We've been hoping for Daigasso! Band Bros to be released in the UK ever since 2005. We'd assumed that this Japanese rhythm game developed by Nintendo would never see the light of day over here until Nintendo revealed it out of the blue a month ago and gave it a new name.
Okay, the Japanese pop and anime songs have all been replaced with more popular Western music but the gameplay remains the same. You choose a song and instrument before playing along with the D-pad or buttons. There are various difficulty levels, not only for each song but also for the complexity of the controls as a whole.
When you first start out you'll be able to play any note by pressing any button or direction but later on the game splits the notes into two groups: some have to be played by pressing any direction on the D-pad and others are played by pressing any of the Y, B, X and A buttons.
It then gets even more complicated, with each of the D-pad directions and the four face buttons acting as a separate note. This makes pulling off a perfect solo in the F-Zero medley a hell of a feat but very rewarding. Experts can then play another difficulty level where you're not only using the D-pad and face buttons, but also the L and R buttons to change the pitch of the notes. This is incredibly difficult and even pros will fail miserably at this without a lot of practice.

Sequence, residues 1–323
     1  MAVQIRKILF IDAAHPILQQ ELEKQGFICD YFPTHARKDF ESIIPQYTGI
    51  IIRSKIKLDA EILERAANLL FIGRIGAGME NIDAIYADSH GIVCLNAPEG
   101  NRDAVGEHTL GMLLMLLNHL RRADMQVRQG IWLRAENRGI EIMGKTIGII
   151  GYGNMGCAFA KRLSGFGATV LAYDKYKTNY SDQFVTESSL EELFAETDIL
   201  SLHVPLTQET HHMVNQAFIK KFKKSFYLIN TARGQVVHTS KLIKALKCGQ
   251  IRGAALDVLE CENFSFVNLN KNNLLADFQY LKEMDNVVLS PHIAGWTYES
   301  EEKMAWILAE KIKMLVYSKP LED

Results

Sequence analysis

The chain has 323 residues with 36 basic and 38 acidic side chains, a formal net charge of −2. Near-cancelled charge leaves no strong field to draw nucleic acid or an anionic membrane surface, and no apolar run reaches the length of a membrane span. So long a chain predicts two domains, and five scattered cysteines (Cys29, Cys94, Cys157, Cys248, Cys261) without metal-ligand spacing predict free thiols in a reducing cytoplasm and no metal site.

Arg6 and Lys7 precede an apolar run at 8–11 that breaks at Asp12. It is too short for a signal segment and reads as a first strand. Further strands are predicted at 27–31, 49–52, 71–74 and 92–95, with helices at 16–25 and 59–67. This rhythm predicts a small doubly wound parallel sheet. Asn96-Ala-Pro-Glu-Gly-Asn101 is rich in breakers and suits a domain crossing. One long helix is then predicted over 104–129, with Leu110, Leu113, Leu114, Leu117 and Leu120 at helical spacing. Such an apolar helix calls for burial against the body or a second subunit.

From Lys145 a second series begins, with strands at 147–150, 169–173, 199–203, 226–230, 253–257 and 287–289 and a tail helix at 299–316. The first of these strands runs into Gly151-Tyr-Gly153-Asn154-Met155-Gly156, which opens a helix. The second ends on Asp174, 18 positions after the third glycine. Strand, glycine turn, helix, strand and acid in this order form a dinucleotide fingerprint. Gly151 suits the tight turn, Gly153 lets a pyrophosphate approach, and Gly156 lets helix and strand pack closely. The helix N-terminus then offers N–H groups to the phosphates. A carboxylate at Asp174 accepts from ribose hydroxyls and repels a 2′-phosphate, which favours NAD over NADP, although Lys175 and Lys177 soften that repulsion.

Playing music is more satisfying than it is in Guitar Hero On Tour. When you mess up a note in Guitar Hero you get that generic 'clank' sound, but in Jam With The Band you'll hear the other note you played by mistake, making it feel like you're playing an actual instrument.
This satisfaction is multiplied when you get some mates to join in. Up to eight of you can play the same song at once, with each of you playing a different instrument with their own difficulty level. All it takes is one person to mess up for the song to take a nosedive.
As well as the 50 songs in the game you can download another 50 from Nintendo's servers, and you can also make your own songs and send them to friends, using a composer that lets you change the length of notes, have eight tracks, better-sounding instruments and so on. Finally, the karaoke mode lets budding Britneys and wannabe Whitneys sing into the DS microphone to have their pitch judged.
Jam With The Band may not have the flair of a Guitar Hero game, and its MIDI music might sound rather tinny, but it makes you feel like you're actually playing an instrument and that's the most important thing.
This is an edited version of a review that appears in the June issue of Official Nintendo Magazine which is on sale now. For the full unedited version with more in-depth analysis, screenshots and boxouts buy the magazine here